We do try to have flowers that will appeal to pollinators so it is nice when they turn up.
I would love to see the smoke disappear for the season, but it keeps cropping up.
So it seems from the reports that we read.
Ive always known buddleahs as butterfly magnets,and from your shots today with good reason.Lawn raking is great for the core muscles needed by cyclists,so serves a double purpose.
The lawns will certainly benefit in the long term.
I have a machine to do the heavy scarifying so the raking up of the moss is comparatively light work. My arms are like matchsticks compared to my legs.
Nothing will help the lawn in the long term as wet cold winters will bring back moss every year. But I keep trying. 🙂
The lawn looks great. That was quite a lot of moss that came out of it.
The dahlias are beautiful this year. It makes me want to grow them again.
The bird’s eye view of the garden is very beautiful, as always. I’m surprised you don’t have a line of people waiting to visit it.
There is always quite a lot of moss to come out of our lawns. The cold wet winters see to that.
What a beautiful day for a cycle. The lawn does you proud and the flower of the day…wow!!
We are in for a spell of good weather they say so perhaps there will be more good cycling days to come.
From butterflies to biking. A lovely day. And that last flower picture is a beauty.
Thank you. The flowers are lasting well.
I enjoy both the dancing butterflies and the higher view of the garden.
A higher view every now and again adds context.
I liked the pun in your title. Goodness me what a lot of bees and butterflies your garden is supporting. Two great views, one from your upstairs window of the garden and the other of a view on your cycle ride.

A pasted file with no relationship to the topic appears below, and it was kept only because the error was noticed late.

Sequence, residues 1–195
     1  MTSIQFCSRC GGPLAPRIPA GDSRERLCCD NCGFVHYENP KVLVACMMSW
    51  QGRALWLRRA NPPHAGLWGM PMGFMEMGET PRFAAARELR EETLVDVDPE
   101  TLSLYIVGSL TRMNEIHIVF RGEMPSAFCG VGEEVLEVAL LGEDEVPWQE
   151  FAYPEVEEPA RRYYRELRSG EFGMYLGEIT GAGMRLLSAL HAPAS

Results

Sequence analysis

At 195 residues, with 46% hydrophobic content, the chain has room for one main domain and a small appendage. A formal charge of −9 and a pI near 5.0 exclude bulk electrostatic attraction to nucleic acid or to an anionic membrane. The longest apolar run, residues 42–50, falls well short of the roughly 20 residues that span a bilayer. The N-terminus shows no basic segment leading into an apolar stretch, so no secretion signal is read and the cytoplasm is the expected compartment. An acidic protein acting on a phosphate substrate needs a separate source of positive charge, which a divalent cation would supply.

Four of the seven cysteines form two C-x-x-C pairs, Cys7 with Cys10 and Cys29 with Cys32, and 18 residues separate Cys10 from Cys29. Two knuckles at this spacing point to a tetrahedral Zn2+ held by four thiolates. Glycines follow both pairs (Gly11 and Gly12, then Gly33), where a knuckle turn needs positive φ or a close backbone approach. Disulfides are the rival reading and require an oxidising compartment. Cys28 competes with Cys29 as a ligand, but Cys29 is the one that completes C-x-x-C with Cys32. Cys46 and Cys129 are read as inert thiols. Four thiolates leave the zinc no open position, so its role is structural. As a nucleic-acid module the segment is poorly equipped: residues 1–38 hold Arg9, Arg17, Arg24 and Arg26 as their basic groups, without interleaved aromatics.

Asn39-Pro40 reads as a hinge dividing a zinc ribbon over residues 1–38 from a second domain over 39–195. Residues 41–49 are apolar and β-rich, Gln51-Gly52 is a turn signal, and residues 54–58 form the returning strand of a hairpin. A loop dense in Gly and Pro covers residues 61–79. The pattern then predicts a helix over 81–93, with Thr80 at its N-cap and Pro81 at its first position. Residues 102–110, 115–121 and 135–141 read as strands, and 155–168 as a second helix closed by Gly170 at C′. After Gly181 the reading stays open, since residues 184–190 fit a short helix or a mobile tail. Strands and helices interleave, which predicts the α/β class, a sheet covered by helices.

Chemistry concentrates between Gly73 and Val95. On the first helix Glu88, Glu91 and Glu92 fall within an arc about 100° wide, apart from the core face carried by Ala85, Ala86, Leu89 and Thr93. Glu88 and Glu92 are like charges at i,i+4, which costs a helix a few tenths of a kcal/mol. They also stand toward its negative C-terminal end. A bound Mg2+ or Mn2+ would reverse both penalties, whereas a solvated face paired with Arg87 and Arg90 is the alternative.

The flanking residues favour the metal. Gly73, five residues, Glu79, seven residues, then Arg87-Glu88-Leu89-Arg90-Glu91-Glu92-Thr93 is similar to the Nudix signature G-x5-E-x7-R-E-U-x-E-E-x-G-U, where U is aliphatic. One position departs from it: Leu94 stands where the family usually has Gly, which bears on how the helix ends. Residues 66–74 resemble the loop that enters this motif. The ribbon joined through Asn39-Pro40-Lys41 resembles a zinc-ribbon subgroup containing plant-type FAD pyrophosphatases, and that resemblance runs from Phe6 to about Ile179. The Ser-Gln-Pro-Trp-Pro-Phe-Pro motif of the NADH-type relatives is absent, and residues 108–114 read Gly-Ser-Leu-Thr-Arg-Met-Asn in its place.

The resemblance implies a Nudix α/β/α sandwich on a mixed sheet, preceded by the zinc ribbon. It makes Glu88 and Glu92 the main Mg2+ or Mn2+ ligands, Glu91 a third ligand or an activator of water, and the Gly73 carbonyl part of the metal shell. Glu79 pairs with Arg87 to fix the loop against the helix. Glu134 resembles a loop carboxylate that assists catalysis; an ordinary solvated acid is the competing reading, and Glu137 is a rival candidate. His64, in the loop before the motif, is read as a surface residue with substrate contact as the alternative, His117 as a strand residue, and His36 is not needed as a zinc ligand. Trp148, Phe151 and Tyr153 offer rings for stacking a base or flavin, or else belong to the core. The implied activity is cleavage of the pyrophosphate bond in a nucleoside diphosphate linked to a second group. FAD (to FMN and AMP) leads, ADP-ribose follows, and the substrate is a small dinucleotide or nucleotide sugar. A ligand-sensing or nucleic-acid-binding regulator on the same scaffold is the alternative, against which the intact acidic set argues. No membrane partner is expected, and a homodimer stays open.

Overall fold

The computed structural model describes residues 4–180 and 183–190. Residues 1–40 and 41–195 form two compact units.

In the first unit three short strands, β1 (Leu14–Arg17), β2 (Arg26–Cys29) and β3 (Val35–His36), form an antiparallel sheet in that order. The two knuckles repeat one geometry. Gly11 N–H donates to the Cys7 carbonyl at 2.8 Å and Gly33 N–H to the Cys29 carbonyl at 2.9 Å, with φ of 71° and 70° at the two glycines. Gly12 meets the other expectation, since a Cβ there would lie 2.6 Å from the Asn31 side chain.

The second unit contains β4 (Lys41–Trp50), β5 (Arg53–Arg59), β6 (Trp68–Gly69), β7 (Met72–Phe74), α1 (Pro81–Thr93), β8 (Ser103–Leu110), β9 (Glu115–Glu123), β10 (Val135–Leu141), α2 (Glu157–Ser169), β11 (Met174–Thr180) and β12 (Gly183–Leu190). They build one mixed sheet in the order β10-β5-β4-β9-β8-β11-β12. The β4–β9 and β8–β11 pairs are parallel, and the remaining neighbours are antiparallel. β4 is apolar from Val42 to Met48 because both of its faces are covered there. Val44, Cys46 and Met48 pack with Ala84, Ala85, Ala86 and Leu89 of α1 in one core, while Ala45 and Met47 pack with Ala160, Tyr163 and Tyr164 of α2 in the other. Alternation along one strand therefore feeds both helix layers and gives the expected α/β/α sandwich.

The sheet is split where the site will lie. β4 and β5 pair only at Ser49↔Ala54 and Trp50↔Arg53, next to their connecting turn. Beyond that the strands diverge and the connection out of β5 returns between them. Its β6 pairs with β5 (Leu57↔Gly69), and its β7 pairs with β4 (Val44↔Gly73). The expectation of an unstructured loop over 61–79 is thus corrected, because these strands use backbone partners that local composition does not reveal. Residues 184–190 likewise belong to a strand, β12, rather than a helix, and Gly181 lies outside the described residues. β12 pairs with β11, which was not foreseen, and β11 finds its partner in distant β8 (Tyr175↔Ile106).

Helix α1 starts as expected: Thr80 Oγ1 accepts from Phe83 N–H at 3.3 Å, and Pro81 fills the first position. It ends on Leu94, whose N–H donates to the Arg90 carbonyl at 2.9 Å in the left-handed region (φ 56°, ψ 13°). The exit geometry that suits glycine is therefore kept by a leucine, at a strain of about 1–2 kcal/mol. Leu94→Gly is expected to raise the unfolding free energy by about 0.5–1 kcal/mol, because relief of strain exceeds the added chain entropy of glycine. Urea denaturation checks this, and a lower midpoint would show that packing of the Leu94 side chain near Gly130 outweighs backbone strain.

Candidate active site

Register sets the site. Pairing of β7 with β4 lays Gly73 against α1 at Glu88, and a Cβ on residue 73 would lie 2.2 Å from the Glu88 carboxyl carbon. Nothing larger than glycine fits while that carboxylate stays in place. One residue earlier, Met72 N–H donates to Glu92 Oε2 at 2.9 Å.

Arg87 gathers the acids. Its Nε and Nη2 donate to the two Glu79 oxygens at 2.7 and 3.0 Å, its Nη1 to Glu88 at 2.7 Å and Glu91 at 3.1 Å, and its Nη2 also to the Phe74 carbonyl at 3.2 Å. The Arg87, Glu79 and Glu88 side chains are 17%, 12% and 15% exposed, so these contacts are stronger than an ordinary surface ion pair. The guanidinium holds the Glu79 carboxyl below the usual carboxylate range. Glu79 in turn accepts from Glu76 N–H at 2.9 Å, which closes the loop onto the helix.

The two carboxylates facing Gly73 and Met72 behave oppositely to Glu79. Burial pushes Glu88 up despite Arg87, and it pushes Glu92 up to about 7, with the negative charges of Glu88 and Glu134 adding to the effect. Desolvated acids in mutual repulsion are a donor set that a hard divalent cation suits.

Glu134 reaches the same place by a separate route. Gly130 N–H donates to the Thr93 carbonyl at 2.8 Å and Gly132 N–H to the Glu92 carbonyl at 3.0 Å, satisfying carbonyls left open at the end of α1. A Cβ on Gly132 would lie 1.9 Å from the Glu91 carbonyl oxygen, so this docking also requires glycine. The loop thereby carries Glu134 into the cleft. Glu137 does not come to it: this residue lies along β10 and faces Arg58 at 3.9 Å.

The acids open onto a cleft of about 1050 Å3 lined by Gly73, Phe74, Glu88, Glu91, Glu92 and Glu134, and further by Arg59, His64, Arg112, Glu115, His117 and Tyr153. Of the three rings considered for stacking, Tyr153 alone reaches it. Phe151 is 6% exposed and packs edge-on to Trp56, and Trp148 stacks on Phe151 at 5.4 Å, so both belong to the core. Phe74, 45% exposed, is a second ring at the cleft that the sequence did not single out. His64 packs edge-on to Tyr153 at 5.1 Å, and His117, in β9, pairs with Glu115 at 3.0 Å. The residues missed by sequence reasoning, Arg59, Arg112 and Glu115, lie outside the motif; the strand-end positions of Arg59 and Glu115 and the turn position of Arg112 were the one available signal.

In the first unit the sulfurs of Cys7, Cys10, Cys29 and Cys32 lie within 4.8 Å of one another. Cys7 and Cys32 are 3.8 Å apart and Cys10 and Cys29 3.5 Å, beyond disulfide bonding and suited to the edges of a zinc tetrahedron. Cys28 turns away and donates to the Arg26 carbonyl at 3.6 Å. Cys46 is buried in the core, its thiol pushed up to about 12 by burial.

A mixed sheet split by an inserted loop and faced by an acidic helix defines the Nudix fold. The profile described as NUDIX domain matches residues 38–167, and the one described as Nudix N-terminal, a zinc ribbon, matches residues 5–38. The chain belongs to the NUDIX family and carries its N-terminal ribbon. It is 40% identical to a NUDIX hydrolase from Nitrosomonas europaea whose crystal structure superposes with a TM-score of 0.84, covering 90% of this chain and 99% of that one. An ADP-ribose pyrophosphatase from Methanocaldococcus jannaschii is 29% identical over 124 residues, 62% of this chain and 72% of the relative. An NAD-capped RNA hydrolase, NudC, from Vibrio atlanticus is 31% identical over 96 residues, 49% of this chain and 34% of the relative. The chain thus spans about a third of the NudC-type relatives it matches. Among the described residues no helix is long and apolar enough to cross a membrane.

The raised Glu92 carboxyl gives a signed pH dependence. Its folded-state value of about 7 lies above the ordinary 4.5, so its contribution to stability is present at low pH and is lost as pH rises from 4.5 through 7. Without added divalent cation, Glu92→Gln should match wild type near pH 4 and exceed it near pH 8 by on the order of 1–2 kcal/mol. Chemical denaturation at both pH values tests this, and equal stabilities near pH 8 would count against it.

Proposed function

Very impressive lawn cutting in French or English.
The butterflies are such a good catch. Galleries still frozen
My sister tried on her iPad and found the same thing. Everything works on my windows and android systems. Perhaps Apple have changed some setting without telling you.
Jackie has now got all working on Microsoft Edge.
A perfect lawn, you did a nice job ! The buddleias keep on attracting insects 🙂
It certainly does. The other flowers in the garden don’t get a look in.
Still very few butterflies in these parts, and bumble bees are scarce. However, wasps have suddenly appeared and are a nuisance. I am completely in awe of your lawn and flower beds, I dare not let her indoors see those pictures, or many questions will be asked of yours truely. As you know I have been pedalling my sportneer (it’s an underdesk pedalling machine) regularly, as the almost recumbent position allows me to turn over the pedals. Well, today I tried my bike to nowhere, and managed to turn the pedals right around. To do so, I kept my left heel on the pedal and this allowed me to complete the circle. It was uncomfortable and I only managed ten turns. But it is a start, so I feel much more confident about my cycling future. So much so, I responded to a local initiative wrt active travel in the area, commenting about ways to encourage more cycling and walking in Neath Port Talbot. Cheers.
I am glad that you are getting some progress with your knee however painful it is. It will all be worth it.
I have the advantage of getting the good garden without having to do much work as Mrs T does all that.
Mrs W has the green fingers here as well. I just need a stick of gelignite to blast the hill out the back into some sort of order. Mañana. I am definitely not a Percy Thrower. Cheers.
Silly French spelling indeed 😉 It is all looking marvellous.
The lawn came out much better than I expected. I apologise to the French. 🙂
That is a large bee with a pointy tail too- back to my bee book for a look! The garden looks amazing with beautiful borders, a brilliant topiary and a magnificent mostly moss free lawn ( I write mostly as I know from experience there’s always some moss that misses the rake)!
I could get the scarifier out again and take just as much moss out as the first time. We live in a mossy place. I would be interested in an ID for the bee if you come up with one.
I’m still looking!
Thanks for the overhead view, and of course I love the photo of you in composting action. I have never thought of tearing up small cardboard packets into the compost but will do so from now on!